Stage 3: Defined

In the Defined stage of a vulnerability management program, the processes and procedures are well-characterized and are understood throughout the organization. The information security team has support from their executive management as well as trust from the system administrators.

At this point, the information security team has proven that the vulnerability management solution they chose is reliable and safe for scanning on the organization’s network. As recommended by the Center for Internet Security, authenticated vulnerability scans are run on a, at minimum, weekly basis with audience-specific reports being delivered to various levels in the organization. The system administrators receive specific vulnerability reports, while management receives vulnerability risk trending reports.

Vulnerability management state data is shared with the rest of the information security ecosystem to provide actionable intelligence for the information security team.  For example, if an exploit is detected on the external firewall, a quick correlation can be run in the Security Incident and Event Management (SIEM) tool to identify which systems are vulnerable to that exploit.

The majority of organizations I’ve seen are somewhere between the Managed and the Defined stage. As I noted above, a very common problem is gaining the trust of the system administrators. If the solution that was initially chosen did not meet the requirements of the organization, it can be very difficult to regain their trust.

Stage 4: Quantitatively Managed

In the Quantitatively Managed stage of a vulnerability management program, the specific attributes of the program are quantifiable, and metrics are provided to the management team. The following are some vulnerability metrics that every organization should be tracking:

  • What is the percentage of the organization’s business systems that have not recently been scanned by the organization’s vulnerability management system?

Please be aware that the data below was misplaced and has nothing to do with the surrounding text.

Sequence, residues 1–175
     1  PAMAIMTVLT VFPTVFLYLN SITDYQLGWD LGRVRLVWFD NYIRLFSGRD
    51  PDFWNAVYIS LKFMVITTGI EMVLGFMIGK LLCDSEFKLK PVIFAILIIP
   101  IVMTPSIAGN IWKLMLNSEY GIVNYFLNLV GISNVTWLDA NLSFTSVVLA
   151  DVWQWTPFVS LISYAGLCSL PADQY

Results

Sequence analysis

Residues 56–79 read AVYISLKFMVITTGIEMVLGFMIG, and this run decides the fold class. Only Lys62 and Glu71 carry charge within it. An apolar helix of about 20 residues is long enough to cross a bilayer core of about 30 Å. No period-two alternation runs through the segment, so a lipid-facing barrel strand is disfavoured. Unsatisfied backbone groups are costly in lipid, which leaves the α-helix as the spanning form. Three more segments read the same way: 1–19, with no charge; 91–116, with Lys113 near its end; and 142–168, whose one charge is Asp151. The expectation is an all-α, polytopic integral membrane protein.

• What is the average vulnerability score of each of the organization’s business systems?
  • What is the total vulnerability score of each of the organization’s business systems?
  • How long does it take, on average, to completely deploy operating system software updates to a business system?
  • How long does it take, on average, to completely deploy application software updates to a business system?

These metrics can be viewed holistically as an organization or broken down by the various business units to see which business units are reducing their risk and which are lagging behind.

Stage 5: Optimizing

In the Optimizing stage of a vulnerability management program, the metrics defined in the previous stage are targeted for improvement. Optimizing each of the metrics will ensure that the vulnerability management program continuously reduces the attack surface of the organization. The Information Security team should work with the management team to set attainable targets for the vulnerability management program. Once those targets are met consistently, new and more aggressive targets can be set with the goal of continuous process improvement.

Vulnerability management, combined with asset discovery, cover the top three of the Top 20 of the CIS Controls. Ensuring the ongoing maturation of your vulnerability management program is a key to reducing the attack surface of your organization. If we can each reduce the surface the attackers have to work with, we can make this world more secure, one network at a time!


via:  tripwire

Save pagePDF pageEmail pagePrint page

Leave a Reply

Your email address will not be published. Required fields are marked *